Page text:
The Impressionist Collection of the Pola Museum of Art 2006

In a sketchbook in 1856, the French painter Jean-Baptiste Camille Corot wrote, “Whatever the site or the object, let’s submit ourselves to the first impression.

poster for The Impressionist Collection of the Pola Museum of Art 2006

The Impressionist Collection of the Pola Museum of Art 2006

at Bunkamura Museum of Art
in the Shibuya area
This event has ended - (2006-01-02 - 2006-02-26)

In Reviews by Tiffani 2006-02-06

If we have been truly moved, the sincerity of our emotion will pass unto others.” Although Corot is often considered a precursor to Impressionism, his quotation captures the essence of the Impressionist movement—a leap from the objective realism of mid-19th century painters who still ascribed to academic notions of “dignified” subject matter to a more subjective viewpoint concentrated on individual artistic representation, oftentimes depicting scenes from everyday life. In this exhibition, 84 works from the Impressionist collection of Hakone’s Pola Museum of Art are featured in four stages, lending historical cohesion to the Impressionist movement as a whole.

The first stage, Precursors to Impressionism, presents 27 pieces by Corot, Gustave Courbet, Edouard Manet, Eugene Boudin, Edgar Degas, and Pierre-Auguste Renoir. The collective motif found in these paintings and pastel sketches is a determination to portray reality in its truest form, not through heightened detail but through general contour and hue, accentuated by novel depictions of light and shadow in ways that deviated from former gentle gradation of tones that had effectively disrupted reality. For example, in Degas’s Two Dancers at Rest, strong and harsh contrasts between the dim background and the vibrant yellow and orange tutus reveal authentic depth and movement. The same effect can be seen in Renoir’s Girl in a Lace Hat, as the light radiantly bounces off the closest fragments of white cloth on the shirtsleeve and bonnet.

La Barque roseThe second stage, Impressionists and Pointillists, highlights 30 pieces by Alfred Sisley, Armand Guillaumin, Claude Monet, Camille Pissarro, Georges Seurat, Paul Signac, Henri-Edmond Cross, and Hippolyte Petitjean. Here one can find the representative landscapes that characterize much of the Impressionist movement. In these scenes the viewer experiences a sense of presence, as in Monet’s Houses of Parliament, Symphony in Rose, where the effect of sunlight plays through murky fog in muted shades of pink, lavender, and blue, allowing the humidity in the London air to be all but truly felt. Such trends facilitated a more scientific or mathematical take on color theory, yielding Pointillism, a technique that employs small dabs of uninterrupted color that are left to be blended by the viewer’s eye and mind. Yet to compensate for a decline in visible contour, Pointillists emphasized vertical and horizontal forms, creating new patterns of expression that can be seen in works like Seurat’s Boats, Low Tide, Grandcamp.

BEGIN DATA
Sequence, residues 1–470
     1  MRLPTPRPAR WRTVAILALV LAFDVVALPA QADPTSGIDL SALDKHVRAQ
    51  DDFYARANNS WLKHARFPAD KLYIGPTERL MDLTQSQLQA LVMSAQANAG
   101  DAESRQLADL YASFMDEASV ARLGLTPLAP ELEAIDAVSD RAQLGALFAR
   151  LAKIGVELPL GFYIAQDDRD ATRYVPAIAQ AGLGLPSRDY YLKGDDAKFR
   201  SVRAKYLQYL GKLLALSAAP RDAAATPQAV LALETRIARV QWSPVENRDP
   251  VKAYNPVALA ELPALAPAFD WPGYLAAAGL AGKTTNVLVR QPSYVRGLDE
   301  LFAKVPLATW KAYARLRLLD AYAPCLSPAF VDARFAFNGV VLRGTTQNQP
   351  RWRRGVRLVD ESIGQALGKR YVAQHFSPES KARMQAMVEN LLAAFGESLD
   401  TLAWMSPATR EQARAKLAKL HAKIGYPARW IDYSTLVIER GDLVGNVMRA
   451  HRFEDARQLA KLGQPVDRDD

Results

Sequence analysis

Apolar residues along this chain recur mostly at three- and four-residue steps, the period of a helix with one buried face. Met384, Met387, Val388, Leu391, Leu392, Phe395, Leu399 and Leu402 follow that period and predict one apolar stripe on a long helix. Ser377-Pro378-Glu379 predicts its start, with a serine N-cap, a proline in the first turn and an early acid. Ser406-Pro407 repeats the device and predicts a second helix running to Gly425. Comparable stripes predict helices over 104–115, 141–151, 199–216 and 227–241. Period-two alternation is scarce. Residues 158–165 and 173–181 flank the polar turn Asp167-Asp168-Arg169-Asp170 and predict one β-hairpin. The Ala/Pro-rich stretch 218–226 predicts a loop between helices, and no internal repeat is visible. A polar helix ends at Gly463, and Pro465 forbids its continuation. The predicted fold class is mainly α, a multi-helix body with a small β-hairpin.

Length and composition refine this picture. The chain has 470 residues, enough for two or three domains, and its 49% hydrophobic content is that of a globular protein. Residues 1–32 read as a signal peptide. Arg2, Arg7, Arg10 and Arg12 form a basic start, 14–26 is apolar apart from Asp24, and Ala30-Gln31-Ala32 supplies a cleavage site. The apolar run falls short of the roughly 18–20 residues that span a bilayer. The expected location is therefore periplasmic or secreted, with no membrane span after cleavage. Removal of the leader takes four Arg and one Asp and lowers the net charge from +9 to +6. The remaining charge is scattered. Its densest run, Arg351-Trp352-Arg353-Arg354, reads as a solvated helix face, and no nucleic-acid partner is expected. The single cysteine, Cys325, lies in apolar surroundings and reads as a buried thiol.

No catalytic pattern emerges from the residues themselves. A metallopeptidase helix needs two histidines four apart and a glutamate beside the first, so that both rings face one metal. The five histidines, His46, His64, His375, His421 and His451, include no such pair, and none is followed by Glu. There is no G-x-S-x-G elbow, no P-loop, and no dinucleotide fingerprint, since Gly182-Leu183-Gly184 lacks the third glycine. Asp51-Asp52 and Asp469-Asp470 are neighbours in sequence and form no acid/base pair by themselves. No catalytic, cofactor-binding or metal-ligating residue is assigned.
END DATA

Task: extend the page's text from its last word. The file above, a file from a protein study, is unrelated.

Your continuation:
The third stage, Neo-Impressionists, displays 16 pieces by Paul Cézanne, Paul Gauguin, and Vincent van Gogh. Although the scope of achievements attained by these three men cannot be contained within the label of Neo-Impressionism – or any simple appellation for that matter – the Impressionist influence on their works is readily apparent. All three groped with the same questions and problems that had confronted their predecessors, such as how to simultaneously depict color and depth. Still, there was one significant digression in these works, and that was a willingness – and perhaps in van Gogh’s case an inclination – to sacrifice dimensional accuracy in lieu of the critical aim of each piece. Thus, natural representation gave way to personal endeavor and feeling, opening up a world of endless possibilities for artists in the 20th century. Perhaps this is why Cézanne is considered the father of ‘modern art.’ He was one of the initial progenitors of art for its own sake, fearless to deviate from the inadequacies of conventional techniques. Some highlights of this stage include van Gogh’s Flower Vase with Thistles, Gauguin’s Exotic Eve, and Cezanne’s Still Life with Bottle.

The fourth and final stage, Post-Impressionists, features 11 pieces by Henri de Toulouse-Lautrec, Odilon Redon, Henri Le Sidaner, and Pierre Bonnard, the imminent heirs of everything the pioneering Neo-Impressionists had begun. In order to remain faithful to the exhibition’s focus, this stage naturally features the least number of works. Nevertheless, among them we find Redon’s Japanese Vase, illustrating the effervescent frenzy cropping up among Western artists of things Japanese, and Lautrec’s Three Roses, adding a perfect finishing touch to a thorough and methodical exhibition.


Tiffani. Born in the year of the dog in a beat down, post-industrial coal mining town called Shamokin. Graduated from Haverford College in 2004 with a BA in Religion and East Asian Studies. Spent a year in Nagano prefecture practicing tea ceremony, calligraphy, and zazen. She then made a bold move to the 'other' Japan. Interests are many: literature and haiku, banjos and harmonicas, red wine, polaroids, chess, frisbee, tattoos, yarn, and colors so beautiful they couldn't possibly bear names. » See other writings


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